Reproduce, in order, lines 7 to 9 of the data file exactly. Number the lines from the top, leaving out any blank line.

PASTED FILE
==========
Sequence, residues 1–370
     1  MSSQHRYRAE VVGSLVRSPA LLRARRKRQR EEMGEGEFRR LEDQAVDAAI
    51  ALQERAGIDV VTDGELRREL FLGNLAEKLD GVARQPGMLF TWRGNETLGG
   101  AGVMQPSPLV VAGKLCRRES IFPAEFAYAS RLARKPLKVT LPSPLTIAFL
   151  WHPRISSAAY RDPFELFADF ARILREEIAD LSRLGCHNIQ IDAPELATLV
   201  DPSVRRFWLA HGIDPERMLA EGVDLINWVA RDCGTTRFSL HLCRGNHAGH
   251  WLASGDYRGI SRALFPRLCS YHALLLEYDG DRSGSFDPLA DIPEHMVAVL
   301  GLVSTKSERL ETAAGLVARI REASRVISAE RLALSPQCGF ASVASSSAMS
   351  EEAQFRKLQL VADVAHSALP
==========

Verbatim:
   251  WLASGDYRGI SRALFPRLCS YHALLLEYDG DRSGSFDPLA DIPEHMVAVL
   301  GLVSTKSERL ETAAGLVARI REASRVISAE RLALSPQCGF ASVASSSAMS
   351  EEAQFRKLQL VADVAHSALP